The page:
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  • Southside

St Patrick’s Cathedral prays for new roof

Monday, 13th May, 2019 6:00pm
St Patrick’s Cathedral prays for new roof

The Dean of Saint Patrick’s Cathedral, Dr William Morton, and the Hon Rory Guinness at St Patrick’s Cathedral.

St Patrick’s Cathedral prays for new roof

The Dean of Saint Patrick’s Cathedral, Dr William Morton, and the Hon Rory Guinness at St Patrick’s Cathedral.

AN AMBITIOUS €9 million conservation project has been launched to replace the roof of the iconic St Patrick’s Cathedral.

The roof conservation programme that will take two years to complete is aimed at ensuring the future of the building.

The distinctive blue grey slates will be sourced from the same mine in Wales as the slates that were used in the Guinness restoration of the 1860s.

Members of the public will be invited to contribute by sponsoring a slate at a minimum contribution of €50 each.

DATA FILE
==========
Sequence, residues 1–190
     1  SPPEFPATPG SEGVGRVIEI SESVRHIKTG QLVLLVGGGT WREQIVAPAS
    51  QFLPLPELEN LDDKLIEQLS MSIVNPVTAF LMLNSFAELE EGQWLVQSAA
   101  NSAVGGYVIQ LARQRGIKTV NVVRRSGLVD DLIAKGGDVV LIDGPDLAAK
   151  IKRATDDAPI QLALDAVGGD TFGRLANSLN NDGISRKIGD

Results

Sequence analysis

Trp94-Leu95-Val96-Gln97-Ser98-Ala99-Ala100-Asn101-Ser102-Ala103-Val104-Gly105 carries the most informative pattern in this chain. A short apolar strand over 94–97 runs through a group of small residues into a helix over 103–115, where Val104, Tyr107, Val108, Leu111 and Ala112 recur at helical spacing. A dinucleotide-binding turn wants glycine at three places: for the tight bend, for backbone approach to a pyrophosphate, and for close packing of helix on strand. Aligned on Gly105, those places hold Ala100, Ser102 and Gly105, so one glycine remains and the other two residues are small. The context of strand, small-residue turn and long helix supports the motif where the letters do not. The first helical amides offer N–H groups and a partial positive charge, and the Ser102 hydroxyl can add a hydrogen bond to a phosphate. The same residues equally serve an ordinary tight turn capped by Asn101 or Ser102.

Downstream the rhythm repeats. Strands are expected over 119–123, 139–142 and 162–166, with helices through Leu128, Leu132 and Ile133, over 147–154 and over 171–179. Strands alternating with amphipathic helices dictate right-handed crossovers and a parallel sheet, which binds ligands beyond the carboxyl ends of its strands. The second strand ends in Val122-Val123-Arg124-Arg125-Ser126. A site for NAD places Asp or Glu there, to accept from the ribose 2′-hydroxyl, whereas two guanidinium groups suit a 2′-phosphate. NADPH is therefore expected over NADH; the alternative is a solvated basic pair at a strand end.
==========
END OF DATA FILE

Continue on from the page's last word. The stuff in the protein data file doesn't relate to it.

While the cathedral will remain open to the public at all times, a spokesman for the project said that if the 800 years of history of St Patrick’s is to continue then this urgent work of replacing the slates must proceed immediately.

The Dean of St Patrick’s Cathedral, Dr William Morton, explained that, while the roofs have been maintained to a high degree over the last 160 years, there are serious problems which have arisen due to ageing.

This has been seen notably in “nail sickness”, where nails have become totally rusted, or have dropped out altogether, together with delamination of some of the slates.

This means that the roofs have to be re-slated at an estimated cost of €9 million.

This will be the most significant conservation project undertaken by the cathedral since the 1860s when Sir Benjamin Lee Guinness funded, undertook, and personally supervised, a full-scale restoration of the building. 

“St Patrick’s Cathedral – the third church on this ancient site, on which it is believed our patron saint baptised some early Christians from a famous well nearby– is a protected structure, and also a national monument,” Dean Morton said.

“I could not stress enough that it is our ardent desire that the Cathedral will remain open for worship, and the reception of visitors.” 

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